This is it. Our favorite apps of 2012, the ones that took our devices to new levels of usefulness. Have your own picks? Tell us below in the comments!
10. Fantastical: What makes the iOS version of this Mac calendar app so great? Jennifer Allen says that it’s because of its natural language features. “Adding an event is a matter of tapping the plus button, like with many other calendar apps. Usually, this is where things get slow and cumbersome with users having to slide through times and dates to find the right one. Fantastical makes it so much easier. Users just type what’s going on. Meeting Joe for lunch tomorrow at 1pm? Type that in and the app understands perfectly. … Excluding typos, it’s tough to fool Fantastical, it’s that accurate.”
9. 1Password: Remembering passwords, especially secure ones, is difficult. Thankfully, version 4 of this password app is extremely easy to use and also comes with extra features for easily filling out private information. As David Rabinowitz says: “The sheer number of different types of information 1Password can remember is extremely impressive and comprehensive. It can store all of the usual things, like identities, credit cards, login information and such. But, it can also remember driver’s licenses, social security numbers, software licenses, wireless routers, and even notes if there is something to store that doesn’t fit in one of the many included categories. The app also has some really impressive advanced features, like syncing to iCloud or Dropbox.”
8. Pocket: Read It Later underwent a stylish renovation with a new name, and the result was this dramatically-improved experience that’s now one of the best cross-platform reading list apps available. The app is perfect for keeping up with longform articles, and its integration with apps like Tweetbot means that it's easy to save an article to Pocket from iPhone, and read it later on the iPad. It’s for more than just reading articles, videos work extremely well with it as well. Now, to just solve the problem of having too many saved things to get through.
7. Launch Center Pro: App Cubby expanded out their popular Launch Center application for easy access to actions on iOS with this new Pro version that brings new features and a much-improved interface. Angela LaFollette says “Launch Center Pro is ideal for users who like to save time and works perfectly sitting in the iPhone’s dock. Once you use it, you’ll never be able to stop. It’s packed with a lot of features, and its intuitive and sharp interface both make it attractive to all iOS users.”
6. Adobe Photoshop Touch: While a stripped-down Photoshop experience has been available on iOS for a while, this expanded experience is the photography enthusiast’s best friend. David Rabinowitz says that “ Although it doesn’t offer as much as its full-featured older brother on the desktop, it’s the best photo editing experience available for iOS. Beginners who have never used Photoshop before won’t feel overwhelmed by the app. The desktop version is known for being extremely powerful and full featured, with an at times cluttered and confusing interface, but the tablet version really only includes the essentials.”
5. The Magazine: Marco Arment’s bi-weekly magazine, with several original articles from talented writers, is probably the best justification for keeping Newsstand around at this point. It has a fantastic minimalistic design as well, which is to be expected from the creator of Instapaper. The topics are varied and provocative, great for a short-but-satisfying read, and it's only available on iOS.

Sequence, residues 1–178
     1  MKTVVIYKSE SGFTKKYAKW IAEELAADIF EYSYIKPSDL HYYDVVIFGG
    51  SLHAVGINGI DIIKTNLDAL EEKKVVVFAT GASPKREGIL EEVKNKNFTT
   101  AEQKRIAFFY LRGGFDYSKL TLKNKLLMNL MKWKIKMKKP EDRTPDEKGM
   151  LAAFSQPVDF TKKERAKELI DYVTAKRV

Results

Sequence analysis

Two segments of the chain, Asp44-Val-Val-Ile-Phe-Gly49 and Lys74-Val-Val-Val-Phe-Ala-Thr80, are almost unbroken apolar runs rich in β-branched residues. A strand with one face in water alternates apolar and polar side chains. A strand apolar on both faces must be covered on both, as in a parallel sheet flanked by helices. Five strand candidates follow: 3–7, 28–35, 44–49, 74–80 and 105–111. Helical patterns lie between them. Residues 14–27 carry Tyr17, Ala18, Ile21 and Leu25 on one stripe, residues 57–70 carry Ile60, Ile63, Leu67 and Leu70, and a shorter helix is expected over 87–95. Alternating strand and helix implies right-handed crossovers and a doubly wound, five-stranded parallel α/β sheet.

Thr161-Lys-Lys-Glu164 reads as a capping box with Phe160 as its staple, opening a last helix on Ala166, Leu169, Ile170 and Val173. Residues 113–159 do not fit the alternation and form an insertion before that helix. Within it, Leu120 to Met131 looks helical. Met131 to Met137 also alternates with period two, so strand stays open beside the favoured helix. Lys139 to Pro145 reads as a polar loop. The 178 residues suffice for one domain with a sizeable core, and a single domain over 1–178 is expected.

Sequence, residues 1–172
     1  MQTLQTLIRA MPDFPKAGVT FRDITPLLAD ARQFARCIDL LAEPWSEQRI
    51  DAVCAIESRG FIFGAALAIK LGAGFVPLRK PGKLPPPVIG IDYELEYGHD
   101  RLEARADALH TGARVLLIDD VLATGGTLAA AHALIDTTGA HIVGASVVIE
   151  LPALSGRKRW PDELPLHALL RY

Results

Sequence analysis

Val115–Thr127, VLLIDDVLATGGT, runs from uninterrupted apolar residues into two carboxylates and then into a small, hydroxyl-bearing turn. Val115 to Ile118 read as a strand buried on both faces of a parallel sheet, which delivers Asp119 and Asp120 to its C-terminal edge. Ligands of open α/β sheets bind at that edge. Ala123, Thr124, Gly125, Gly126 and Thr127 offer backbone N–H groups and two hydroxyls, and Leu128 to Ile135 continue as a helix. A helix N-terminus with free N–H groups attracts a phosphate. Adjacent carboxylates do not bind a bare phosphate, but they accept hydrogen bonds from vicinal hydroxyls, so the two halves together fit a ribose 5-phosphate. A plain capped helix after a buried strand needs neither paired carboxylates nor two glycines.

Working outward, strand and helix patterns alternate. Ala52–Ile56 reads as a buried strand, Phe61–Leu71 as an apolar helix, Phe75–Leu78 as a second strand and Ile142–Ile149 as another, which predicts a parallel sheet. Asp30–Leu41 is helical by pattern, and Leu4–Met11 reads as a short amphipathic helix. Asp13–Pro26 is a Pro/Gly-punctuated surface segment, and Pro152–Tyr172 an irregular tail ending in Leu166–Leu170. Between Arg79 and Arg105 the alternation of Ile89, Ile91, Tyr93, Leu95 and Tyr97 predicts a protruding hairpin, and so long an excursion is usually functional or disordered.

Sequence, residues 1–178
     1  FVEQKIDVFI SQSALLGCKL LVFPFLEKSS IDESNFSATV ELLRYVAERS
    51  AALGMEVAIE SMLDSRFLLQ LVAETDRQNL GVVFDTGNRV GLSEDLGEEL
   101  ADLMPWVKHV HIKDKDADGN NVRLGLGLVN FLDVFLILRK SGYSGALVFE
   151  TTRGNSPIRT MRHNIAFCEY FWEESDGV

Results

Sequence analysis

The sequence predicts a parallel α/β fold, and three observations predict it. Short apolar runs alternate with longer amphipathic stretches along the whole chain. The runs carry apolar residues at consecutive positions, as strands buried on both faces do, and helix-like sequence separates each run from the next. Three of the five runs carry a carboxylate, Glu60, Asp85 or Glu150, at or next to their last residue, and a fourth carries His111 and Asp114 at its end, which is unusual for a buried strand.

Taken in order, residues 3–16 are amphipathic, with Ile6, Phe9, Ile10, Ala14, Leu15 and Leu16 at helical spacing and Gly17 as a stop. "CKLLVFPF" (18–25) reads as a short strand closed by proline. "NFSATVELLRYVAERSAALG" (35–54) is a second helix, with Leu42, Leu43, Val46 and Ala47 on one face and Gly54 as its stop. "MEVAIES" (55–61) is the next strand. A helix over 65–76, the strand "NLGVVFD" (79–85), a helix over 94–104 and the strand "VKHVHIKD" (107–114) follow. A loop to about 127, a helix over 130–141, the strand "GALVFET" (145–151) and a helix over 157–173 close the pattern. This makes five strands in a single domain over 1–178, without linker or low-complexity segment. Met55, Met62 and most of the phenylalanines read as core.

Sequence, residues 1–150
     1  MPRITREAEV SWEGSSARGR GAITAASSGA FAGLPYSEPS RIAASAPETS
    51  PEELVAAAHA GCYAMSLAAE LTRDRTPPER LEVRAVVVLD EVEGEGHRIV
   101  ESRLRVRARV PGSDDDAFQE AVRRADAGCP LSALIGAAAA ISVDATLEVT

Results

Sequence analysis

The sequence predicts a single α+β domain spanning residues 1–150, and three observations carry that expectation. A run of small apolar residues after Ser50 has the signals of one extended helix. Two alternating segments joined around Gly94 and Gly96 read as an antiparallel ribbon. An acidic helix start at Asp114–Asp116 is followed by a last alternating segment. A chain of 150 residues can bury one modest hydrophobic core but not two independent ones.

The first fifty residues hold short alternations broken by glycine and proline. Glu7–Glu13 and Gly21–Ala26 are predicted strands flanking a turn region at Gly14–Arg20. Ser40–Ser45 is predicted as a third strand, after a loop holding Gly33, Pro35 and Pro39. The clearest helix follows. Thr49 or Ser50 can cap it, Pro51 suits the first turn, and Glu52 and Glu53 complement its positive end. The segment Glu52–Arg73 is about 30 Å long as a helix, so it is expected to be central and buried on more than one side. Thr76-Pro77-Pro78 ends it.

4. Sparrow: Apple rarely approves third-party mail clients, so the fact that this one made its way to the App Store is a blessing for users. Sparrow makes it easy to navigate one’s inbox, quickly seeing unread emails, easily going from one mail to the next, and getting to see just who’s emailing with Facebook integration. It was so good that Gmail acquired the dev team, and the Gmail app is already seeing the dividends of the acquisition. While new feature development has stopped, Sparrow isn’t going away, thankfully: it recently got an update for the iPhone 5 and remains perhaps the best independent mail client on the App Store.
3. Google Maps: You never know what you have until it's gone, and such is the story of Google Maps. Ever since Apple’s mapping solution replaced the default Maps app in iOS, which was powered by Google, suddenly people missed Google’s solution. Well, splitting the app away into a third-party release proved to be a great move: while it is yet to see iPad support, the transit directions are a huge help, turn-by-turn navigation has been added to the app, and it's just generally a better experience than it was before.
2. Tweetbot for iPad: Tapbots brought their Twitter client from iPhone to iPad this year, and while the iPad experience is great enough on its own, the synchronization is the app’s real strength. Being able to easily sync unread position between iPhone, iPad, and even the later Mac version is just an amazing experience that works exactly as it says on paper. It’s the best Twitter experience available, period. Enjoy it while it lasts, thanks to Twitter limiting the number of users that an app can have using Twitter.
1. Paper by FiftyThree: This drawing app is incredibly beautiful, allowing for pieces that look incredibly realistic to be brought to life in the app’s virtual pages. But it may be the fact that it’s actually so easy to use, even for non-artists, that it is extremely compelling. Jennifer Allen says “Paper by FiftyThree does for sketching and artistry as iA Writer does for the writer. It’s simple and unsullied by menu bars and buttons. Instead it’s all about expressing creativity.”